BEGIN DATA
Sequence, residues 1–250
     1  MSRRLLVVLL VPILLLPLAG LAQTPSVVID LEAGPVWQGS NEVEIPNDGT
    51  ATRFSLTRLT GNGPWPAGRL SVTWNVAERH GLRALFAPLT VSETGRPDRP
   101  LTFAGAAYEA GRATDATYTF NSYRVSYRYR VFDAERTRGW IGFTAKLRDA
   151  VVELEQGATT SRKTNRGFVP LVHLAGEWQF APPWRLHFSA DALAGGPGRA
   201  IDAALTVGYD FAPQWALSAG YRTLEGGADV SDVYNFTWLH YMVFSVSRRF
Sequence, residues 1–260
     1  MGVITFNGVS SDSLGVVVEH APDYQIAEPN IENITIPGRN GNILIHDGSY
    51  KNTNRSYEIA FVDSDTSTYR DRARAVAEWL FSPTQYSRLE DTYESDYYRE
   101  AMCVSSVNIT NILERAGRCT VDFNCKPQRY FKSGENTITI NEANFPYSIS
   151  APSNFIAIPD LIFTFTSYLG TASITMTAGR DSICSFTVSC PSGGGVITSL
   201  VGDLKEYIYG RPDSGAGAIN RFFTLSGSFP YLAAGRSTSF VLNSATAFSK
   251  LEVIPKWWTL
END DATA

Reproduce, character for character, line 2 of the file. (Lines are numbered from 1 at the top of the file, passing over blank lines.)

     1  MSRRLLVVLL VPILLLPLAG LAQTPSVVID LEAGPVWQGS NEVEIPNDGT